A Database Management system is not always directly available for users and applications to access and store data in it. A Database Management system can be centralised(all the data stored at one location), decentralised(multiple copies of database at different locations) or hierarchical, depending upon its architecture.
1-tier DBMS architecture also exist, this is when the database is directly available to the user for using it to store data. Generally such a setup is used for local application development, where programmers communicate directly with the database for quick response.
Database Architecture is logically of two types:
- 2-tier DBMS architecture
- 3-tier DBMS architecture
2-tier DBMS Architecture
2-tier DBMS architecture includes an Application layer between the user and the DBMS, which is responsible to communicate the user’s request to the database management system and then send the response from the DBMS to the user.
An application interface known as ODBC(Open Database Connectivity) provides an API that allow client side program to call the DBMS. Most DBMS vendors provide ODBC drivers for their DBMS.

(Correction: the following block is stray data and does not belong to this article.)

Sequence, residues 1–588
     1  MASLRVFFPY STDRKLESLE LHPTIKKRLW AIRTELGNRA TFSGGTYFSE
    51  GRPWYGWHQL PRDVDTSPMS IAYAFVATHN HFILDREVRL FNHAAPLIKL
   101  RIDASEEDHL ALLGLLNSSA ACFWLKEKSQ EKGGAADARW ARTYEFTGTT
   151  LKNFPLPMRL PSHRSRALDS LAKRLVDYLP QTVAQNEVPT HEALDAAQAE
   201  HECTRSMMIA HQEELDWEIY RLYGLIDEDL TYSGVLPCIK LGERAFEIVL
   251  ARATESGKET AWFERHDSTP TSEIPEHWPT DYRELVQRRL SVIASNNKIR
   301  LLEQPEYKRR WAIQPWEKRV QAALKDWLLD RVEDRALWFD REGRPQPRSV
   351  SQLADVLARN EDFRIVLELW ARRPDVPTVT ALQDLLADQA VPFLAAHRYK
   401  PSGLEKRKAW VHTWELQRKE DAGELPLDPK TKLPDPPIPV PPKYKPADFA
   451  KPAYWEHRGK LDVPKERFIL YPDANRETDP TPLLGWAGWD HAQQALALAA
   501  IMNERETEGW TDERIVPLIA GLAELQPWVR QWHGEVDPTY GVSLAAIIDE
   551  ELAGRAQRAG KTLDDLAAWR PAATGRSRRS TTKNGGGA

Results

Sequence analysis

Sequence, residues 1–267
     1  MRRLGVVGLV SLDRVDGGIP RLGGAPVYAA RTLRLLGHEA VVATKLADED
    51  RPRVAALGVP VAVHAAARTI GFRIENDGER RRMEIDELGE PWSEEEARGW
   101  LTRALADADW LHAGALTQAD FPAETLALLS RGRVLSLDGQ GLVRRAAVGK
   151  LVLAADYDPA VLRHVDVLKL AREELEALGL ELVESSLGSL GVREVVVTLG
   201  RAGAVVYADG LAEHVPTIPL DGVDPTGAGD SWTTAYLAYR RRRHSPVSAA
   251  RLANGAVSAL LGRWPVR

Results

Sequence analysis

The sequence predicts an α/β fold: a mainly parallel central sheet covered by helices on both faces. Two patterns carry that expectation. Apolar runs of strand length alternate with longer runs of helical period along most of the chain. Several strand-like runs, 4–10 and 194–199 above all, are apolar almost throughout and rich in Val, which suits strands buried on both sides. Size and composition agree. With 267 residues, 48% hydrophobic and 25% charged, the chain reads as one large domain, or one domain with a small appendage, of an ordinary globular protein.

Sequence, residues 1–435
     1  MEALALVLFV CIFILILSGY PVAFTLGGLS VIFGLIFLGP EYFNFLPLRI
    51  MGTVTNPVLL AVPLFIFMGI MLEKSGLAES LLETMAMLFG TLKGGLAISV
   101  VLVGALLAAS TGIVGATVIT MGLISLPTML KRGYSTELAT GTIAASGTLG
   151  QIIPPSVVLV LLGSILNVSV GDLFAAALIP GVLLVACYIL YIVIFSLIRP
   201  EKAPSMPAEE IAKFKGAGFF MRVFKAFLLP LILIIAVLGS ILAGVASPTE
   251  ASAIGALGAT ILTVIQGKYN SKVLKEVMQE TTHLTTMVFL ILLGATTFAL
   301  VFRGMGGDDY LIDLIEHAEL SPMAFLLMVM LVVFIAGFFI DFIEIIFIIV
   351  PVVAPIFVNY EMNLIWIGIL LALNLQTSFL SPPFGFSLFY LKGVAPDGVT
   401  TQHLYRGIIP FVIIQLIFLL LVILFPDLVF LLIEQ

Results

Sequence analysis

Such an architecture provides the DBMS extra security as it is not exposed to the End User directly. Also, security can be improved by adding security and authentication checks in the Application layer too.
3-tier DBMS Architecture
3-tier DBMS architecture is the most commonly used architecture for web applications.
It is an extension of the 2-tier architecture. In the 2-tier architecture, we have an application layer which can be accessed programatically to perform various operations on the DBMS. The application generally understands the Database Access Language and processes end users requests to the DBMS.
In 3-tier architecture, an additional Presentation or GUI Layer is added, which provides a graphical user interface for the End user to interact with the DBMS.
For the end user, the GUI layer is the Database System, and the end user has no idea about the application layer and the DBMS system.
If you have used MySQL, then you must have seen PHPMyAdmin, it is the best example of a 3-tier DBMS architecture.